Would you rather light up a joint, or drink a beer?

According to new research by the Cannabiz Consumer Group (C2G), which studied the behavior of 40 thousand participants, marijuana is “canna-balizing” the beer industry. In states where cannabis has been legalized, 27 percent of drinkers have already substituted cannabis for beer. And if marijuana were legalized nationally, C2G predicts that the beer industry could lose more than $2 billion in retail sales.

However, just because cannabis is becoming more widely accepted, there’s no evidence that alcohol is going anywhere; it’s part of our culture. That’s why some innovative companies are coming up with new ways to combine the two.

Prohibition Gold is a cannabis product company that introduced the world’s first marijuana mixer: Potshotz, a powdered serving of cannabis that dissolves into your beverage. But the idea behind the product wasn’t to necessarily take over the alcohol industry.

“When we began development on Potshotz, we were looking to create an ultra-versatile product that the consumer could add to any beverage and not have it affect the taste,” said Greg Walters, Managing Partner of Prohibition Gold. “We didn’t break it down to specific kinds of beverages, because we wanted to make it work with almost anything liquid. It just seemed to fit in more with people’s habits of celebrating by lifting a glass of their favorite drink in a toast. As far as mixing the two, it’s nothing new. I mean, how many joints and beer have been consumed together?”

The reality is that no matter how popular cannabis becomes, or how often it is proven to be safer than alcohol—88,000 deaths each year can be attributed to alcohol use, while zero deaths have been linked to marijuana (Center for Disease Control)—alcohol isn’t going anywhere.

“In states where cannabis has been legalized, 27 percent of drinkers have already substituted cannabis for beer. And if marijuana were legalized nationally, C2G predicts that the beer industry would lose more than $2 billion in retail sales.”

In fact, in 2012, after legalizing recreational marijuana, Washington State hired the Rand Corporation to create a forecast of what might happen to the so-called “sin industries” as marijuana entered the fold. Their conclusion was that in ten years, marijuana had the potential to become the #2 “sin” in America, with beer remaining #1, wine coming in at #3 and spirits at #4.

“With this prediction, you can see why some people in the alcohol industry are worried, but we’re looking at a tremendous playing field that has plenty of room for all,” explained Greg. “A study completed by Survey Analytics reported that the average beer drinker in the United States spends over $1,200 each year on beer. So, while I think you will see a dip in beer and alcohol sales in legal states, it will be nothing of any major consequence over time. I am the first to admit that I enjoy beer and various spirits.”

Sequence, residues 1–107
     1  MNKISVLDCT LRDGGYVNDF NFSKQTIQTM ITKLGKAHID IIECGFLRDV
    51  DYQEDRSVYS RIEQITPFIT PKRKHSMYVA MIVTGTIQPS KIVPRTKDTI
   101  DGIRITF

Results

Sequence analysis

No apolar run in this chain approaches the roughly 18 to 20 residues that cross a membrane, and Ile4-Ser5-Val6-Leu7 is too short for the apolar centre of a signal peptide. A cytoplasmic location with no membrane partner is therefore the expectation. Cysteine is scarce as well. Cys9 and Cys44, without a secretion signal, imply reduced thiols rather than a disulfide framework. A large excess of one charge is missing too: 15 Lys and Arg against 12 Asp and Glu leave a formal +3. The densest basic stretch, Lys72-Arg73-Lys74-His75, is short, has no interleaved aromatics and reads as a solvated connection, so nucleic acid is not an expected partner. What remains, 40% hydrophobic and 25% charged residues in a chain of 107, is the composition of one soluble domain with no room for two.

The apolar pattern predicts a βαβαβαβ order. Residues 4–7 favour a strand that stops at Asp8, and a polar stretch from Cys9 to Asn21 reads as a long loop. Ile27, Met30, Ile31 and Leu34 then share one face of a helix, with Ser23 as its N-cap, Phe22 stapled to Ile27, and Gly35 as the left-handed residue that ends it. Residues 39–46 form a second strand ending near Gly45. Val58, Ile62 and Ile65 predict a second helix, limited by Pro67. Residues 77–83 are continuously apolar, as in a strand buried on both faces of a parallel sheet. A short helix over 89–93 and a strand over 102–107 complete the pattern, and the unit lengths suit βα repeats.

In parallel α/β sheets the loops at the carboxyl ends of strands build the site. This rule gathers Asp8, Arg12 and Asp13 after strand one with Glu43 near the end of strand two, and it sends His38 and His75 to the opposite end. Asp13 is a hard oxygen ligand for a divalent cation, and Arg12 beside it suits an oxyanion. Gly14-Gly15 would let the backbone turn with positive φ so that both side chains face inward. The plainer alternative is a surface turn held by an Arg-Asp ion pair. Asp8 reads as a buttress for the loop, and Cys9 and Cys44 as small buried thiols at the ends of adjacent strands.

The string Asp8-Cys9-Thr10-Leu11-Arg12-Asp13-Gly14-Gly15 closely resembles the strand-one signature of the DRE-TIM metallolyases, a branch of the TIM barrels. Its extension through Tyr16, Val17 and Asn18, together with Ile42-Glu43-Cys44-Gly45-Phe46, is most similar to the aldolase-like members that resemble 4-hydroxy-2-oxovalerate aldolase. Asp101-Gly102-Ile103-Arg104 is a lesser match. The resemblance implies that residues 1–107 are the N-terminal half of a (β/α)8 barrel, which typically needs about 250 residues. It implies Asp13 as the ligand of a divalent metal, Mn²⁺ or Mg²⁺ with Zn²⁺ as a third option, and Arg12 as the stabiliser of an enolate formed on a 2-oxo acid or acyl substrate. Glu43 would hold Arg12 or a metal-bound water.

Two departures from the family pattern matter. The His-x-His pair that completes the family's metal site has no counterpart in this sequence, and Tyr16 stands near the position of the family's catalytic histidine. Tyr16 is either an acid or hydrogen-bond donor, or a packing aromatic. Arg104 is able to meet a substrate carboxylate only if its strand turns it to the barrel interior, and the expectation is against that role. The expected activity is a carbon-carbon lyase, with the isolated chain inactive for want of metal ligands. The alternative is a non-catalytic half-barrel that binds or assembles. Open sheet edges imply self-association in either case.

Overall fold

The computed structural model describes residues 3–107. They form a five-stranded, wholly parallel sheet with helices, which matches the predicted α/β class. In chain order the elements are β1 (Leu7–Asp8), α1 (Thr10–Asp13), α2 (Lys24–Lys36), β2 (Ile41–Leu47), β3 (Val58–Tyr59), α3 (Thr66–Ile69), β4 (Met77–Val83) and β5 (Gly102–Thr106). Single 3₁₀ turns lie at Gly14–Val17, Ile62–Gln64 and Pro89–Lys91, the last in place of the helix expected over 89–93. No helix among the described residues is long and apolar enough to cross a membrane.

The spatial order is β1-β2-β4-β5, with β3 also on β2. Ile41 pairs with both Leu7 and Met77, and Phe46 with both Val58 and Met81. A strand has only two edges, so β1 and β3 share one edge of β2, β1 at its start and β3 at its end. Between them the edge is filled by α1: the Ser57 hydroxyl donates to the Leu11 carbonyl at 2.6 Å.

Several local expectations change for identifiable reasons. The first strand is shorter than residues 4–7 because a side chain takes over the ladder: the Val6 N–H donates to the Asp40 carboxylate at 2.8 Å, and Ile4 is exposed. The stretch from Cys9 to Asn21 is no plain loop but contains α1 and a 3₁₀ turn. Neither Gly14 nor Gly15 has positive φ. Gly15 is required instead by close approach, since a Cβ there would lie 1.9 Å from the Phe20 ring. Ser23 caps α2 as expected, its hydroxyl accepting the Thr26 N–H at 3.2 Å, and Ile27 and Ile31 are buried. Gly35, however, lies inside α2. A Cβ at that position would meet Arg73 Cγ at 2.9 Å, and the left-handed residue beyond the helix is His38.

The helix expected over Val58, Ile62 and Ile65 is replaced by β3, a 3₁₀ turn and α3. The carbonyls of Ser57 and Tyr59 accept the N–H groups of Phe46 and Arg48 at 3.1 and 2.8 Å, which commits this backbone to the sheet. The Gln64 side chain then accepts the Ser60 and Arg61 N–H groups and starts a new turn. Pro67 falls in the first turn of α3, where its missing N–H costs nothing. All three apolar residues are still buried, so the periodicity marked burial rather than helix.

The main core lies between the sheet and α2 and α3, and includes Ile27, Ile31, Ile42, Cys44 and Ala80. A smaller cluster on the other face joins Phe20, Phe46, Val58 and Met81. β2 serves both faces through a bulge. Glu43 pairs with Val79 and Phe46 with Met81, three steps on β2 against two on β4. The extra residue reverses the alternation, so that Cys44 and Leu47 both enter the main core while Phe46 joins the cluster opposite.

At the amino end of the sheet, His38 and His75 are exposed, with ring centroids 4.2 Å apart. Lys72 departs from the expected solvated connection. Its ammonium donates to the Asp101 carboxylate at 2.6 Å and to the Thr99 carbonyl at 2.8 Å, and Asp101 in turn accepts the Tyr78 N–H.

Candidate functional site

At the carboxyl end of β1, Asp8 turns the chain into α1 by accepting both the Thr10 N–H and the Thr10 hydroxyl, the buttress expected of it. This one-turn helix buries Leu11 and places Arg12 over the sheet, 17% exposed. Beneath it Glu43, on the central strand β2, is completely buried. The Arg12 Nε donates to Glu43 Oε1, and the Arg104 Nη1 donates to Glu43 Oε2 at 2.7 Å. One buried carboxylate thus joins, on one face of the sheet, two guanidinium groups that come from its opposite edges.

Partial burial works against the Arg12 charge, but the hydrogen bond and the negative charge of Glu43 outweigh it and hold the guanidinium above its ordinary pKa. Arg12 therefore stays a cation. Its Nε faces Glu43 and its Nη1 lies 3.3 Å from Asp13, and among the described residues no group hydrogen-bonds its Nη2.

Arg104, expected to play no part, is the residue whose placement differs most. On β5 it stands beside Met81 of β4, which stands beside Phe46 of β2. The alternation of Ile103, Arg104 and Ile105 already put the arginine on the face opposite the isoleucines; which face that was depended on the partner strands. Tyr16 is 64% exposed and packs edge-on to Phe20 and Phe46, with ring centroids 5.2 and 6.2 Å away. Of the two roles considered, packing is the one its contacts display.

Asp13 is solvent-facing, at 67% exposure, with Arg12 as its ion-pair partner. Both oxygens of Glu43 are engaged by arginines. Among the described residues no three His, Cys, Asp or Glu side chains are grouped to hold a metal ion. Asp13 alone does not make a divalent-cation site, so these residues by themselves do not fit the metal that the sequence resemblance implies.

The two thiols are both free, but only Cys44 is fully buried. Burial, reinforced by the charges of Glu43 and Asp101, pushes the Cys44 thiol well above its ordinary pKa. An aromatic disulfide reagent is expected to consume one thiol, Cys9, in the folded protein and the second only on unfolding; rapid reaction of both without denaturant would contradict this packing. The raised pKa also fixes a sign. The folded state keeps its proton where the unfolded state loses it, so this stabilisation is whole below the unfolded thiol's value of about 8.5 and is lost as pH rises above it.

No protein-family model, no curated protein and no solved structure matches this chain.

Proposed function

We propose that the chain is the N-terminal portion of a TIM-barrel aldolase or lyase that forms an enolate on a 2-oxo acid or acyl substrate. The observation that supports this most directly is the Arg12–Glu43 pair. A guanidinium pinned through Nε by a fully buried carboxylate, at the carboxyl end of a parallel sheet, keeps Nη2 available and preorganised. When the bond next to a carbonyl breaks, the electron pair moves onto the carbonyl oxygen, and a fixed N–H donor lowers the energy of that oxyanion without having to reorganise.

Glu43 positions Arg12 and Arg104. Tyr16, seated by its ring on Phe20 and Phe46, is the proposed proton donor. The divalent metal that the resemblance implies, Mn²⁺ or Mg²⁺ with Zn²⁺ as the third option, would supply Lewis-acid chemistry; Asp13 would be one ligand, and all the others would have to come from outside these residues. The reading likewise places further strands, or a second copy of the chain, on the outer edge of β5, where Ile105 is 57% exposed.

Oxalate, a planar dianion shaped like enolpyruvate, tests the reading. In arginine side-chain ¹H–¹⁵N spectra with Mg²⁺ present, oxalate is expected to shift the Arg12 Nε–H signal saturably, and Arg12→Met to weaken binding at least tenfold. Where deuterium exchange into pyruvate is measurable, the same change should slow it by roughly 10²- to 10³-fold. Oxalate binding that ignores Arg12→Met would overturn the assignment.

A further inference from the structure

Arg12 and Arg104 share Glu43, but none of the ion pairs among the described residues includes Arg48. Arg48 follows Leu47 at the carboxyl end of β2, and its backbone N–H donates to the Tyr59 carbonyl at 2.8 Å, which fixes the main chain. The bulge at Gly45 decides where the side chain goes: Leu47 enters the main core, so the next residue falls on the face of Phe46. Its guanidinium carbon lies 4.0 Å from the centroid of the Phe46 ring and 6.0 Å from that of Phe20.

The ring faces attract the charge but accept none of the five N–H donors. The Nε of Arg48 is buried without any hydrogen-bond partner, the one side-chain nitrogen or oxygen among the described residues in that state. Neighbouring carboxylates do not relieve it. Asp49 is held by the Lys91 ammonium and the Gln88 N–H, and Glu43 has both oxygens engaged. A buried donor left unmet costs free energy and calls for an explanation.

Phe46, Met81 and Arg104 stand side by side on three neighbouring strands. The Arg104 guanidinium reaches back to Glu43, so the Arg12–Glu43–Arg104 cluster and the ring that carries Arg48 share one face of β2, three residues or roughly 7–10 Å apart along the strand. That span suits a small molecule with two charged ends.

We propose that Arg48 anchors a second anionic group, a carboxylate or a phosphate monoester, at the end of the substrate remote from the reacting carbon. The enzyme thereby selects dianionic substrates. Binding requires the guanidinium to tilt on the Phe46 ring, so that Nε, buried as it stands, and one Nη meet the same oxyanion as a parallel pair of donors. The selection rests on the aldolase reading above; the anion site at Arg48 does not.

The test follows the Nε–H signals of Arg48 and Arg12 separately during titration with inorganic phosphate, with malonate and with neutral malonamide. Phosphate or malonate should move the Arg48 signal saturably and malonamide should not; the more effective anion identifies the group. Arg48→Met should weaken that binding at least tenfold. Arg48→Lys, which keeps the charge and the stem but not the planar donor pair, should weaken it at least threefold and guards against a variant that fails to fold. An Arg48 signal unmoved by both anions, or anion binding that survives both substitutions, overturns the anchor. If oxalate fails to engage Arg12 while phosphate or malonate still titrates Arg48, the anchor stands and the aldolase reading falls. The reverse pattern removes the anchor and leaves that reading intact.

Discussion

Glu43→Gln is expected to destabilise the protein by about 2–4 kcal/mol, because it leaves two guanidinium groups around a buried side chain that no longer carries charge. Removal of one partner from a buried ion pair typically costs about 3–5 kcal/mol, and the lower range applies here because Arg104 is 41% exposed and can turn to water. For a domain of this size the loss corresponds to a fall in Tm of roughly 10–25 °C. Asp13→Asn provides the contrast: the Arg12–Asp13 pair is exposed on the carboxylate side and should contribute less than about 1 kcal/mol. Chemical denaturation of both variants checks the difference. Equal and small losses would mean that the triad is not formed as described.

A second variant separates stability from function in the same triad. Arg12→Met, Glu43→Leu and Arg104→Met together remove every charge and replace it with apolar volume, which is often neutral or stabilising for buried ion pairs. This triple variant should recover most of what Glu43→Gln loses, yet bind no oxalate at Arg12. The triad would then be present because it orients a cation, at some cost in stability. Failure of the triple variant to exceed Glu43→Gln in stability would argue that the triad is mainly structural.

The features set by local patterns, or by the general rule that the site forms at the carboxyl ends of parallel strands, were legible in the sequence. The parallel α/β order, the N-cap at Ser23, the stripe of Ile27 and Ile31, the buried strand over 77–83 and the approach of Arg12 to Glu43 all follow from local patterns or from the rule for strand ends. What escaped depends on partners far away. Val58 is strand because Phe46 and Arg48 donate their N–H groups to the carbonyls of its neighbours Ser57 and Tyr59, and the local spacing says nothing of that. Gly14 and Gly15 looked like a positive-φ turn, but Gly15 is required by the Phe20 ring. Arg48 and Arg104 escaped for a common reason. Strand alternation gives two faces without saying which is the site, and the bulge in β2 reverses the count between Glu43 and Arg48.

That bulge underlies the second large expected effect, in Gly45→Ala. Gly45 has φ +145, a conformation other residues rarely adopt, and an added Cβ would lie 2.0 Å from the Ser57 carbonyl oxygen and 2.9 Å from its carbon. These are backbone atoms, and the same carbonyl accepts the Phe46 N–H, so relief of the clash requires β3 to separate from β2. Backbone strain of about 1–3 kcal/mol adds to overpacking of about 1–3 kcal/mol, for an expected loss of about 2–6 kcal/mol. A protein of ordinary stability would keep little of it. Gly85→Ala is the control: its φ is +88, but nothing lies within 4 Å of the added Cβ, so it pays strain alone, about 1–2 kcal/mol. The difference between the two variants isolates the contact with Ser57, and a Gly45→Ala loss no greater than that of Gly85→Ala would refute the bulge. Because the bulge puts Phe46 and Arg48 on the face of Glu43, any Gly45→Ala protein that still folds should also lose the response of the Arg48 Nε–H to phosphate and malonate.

As for the benefits of marijuana over alcohol, it’s not a fair comparison, at least in Greg’s eyes.

“I don’t know of any problems solved by using alcohol, and the benefits, if any, are only associated with very modest consumption,” he said. “Marijuana, on the other hand, can be very useful. It’s incredible how diverse this one plant is. We’re just now beginning to hear of the potential benefits in delaying or reducing the impact of Parkinson’s, dementia-related diseases and Alzheimer’s with regular marijuana use. It’s still early, and much study still needs to be done, but the possibilities look extremely promising.”

And it’s not just consumers who see the benefits of cannabis over alcohol. Greg has multiple friends in law enforcement, and they’ve admitted that legalization has had positive effects on the community.

“It is a safer place when people choose to imbibe instead of drink,” said Greg. “Almost universally, police say they would rather arrive at a call when they know people are smoking herb instead of entering a situation where people have been drinking. I’ve been told the threat of danger skyrockets when alcohol is involved, and diminishes when marijuana is in play. People act more aggressive when drinking, and it’s easier for someone to go past a safe level of consumption with alcohol than with marijuana.”

So, what’s the future of marijuana and the alcohol industry?

“We still have a very long way to go in becoming the juggernaut predicted by some,” said Greg. “I will know we’ve arrived when I can walk into a bar or restaurant, and when I order one of my favorite IPA’s, the waitress asks, ‘would you like a Potshotz with that, sir?’”

What’s it like to drink marijuana?

“When you drink marijuana, there is a delayed reaction, which is different than alcohol, and takes some getting used to,” explained Greg. “It’s subjective of course, but marijuana has a euphoric quality I tend to like better than the depressive effects alcohol gives me after a few drinks—not to mention the morning hangover. That said, the problem with marijuana is that it’s new for most people, especially edible marijuana products. So, while everyone knows how a glass of wine or shot of liquor is going to affect them, we’ve got a lot of work to do in the marijuana industry to develop standards and educate consumers.”